The rollout of digital rights management (DRM) software has been an unmitigated disaster for media companies. Whether or not companies find a negotiated line with customers between protecting rights and protecting fuctionality is to be seen, but the cacophonous backlash to rights management of CDs has ruined whatever credibility music companies may have had left.
This week introduced another irony to the DRM debacle: the BBC reports that rights-managed eBooks don’t ever stop their rights management, even after the copyright has expired and allowed the book to be in the public domain. So in addition to crippling individual computers with unsafe software, media publishers flaunt copyright law on fair-use in favor of defending copyright law pre-expiry.
“It is probable that no key would still exist to unlock the DRMs,” Laca said. “For libraries this is serious.”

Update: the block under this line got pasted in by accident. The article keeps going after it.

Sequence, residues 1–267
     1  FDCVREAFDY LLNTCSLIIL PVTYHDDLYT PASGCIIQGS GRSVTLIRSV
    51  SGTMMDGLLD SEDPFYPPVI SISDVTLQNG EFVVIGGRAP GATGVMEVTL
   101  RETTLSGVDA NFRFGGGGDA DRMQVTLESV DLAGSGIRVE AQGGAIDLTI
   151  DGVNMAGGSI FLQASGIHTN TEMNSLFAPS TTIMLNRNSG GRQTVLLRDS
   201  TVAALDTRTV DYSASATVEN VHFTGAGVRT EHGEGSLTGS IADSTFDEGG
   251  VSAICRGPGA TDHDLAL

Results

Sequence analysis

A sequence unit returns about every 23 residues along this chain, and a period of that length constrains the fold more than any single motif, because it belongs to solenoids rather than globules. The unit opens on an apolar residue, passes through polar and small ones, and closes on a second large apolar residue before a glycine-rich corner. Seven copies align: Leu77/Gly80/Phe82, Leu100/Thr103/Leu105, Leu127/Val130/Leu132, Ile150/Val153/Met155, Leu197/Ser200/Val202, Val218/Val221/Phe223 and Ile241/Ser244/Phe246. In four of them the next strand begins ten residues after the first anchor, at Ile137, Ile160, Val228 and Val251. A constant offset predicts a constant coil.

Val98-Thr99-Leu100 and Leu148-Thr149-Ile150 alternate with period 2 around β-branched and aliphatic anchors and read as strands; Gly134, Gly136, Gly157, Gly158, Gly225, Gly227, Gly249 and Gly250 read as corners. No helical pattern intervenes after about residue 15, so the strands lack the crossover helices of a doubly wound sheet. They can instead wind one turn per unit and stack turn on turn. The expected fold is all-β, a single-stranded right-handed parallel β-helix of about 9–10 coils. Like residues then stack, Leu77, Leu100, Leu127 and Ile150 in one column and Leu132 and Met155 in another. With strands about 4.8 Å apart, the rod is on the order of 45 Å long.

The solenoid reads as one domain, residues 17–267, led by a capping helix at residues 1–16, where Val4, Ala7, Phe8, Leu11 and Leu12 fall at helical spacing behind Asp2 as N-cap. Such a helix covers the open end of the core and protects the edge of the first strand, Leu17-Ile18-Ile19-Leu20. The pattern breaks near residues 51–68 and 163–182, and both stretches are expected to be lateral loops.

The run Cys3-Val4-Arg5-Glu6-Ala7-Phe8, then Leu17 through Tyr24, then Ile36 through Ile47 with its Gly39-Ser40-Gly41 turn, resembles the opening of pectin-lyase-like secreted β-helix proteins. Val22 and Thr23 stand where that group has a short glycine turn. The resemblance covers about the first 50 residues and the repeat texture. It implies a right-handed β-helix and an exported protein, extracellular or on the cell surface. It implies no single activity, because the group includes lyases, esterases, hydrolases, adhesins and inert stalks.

“As custodians of human memory, a number would keep digital works in perpetuity and may need to be able to transfer them to other formats in order to preserve them and make the content fully accessible and usable once out of copyright.”
In other words, DRM for digital books completely undermines the mission of libraries and archives. Works can’t be kept, salvaged, or shared. And under laws being considered in certain jurisdictions, it would be illegal to attempt to hack the DRM software.
Seems like a great time to get a degree in copyright law!
Well thank God. A federal court in Pennsylvania struck down the Dover County School Board’s directive that intelligent design be taught in Biology classes. (Link to the Pennsylvania ACLU’s joy.) The judge in the case called the IDers terribly insincere (well, liars) for using secular argumentation to support what IDers described in private as religious ends.
If you’re going to try to teach unscience in a Science class, you can at least ground it in your religious convictions. I know most of my local fellow Christians find the whole thing rather embarrassing, if not unseemly.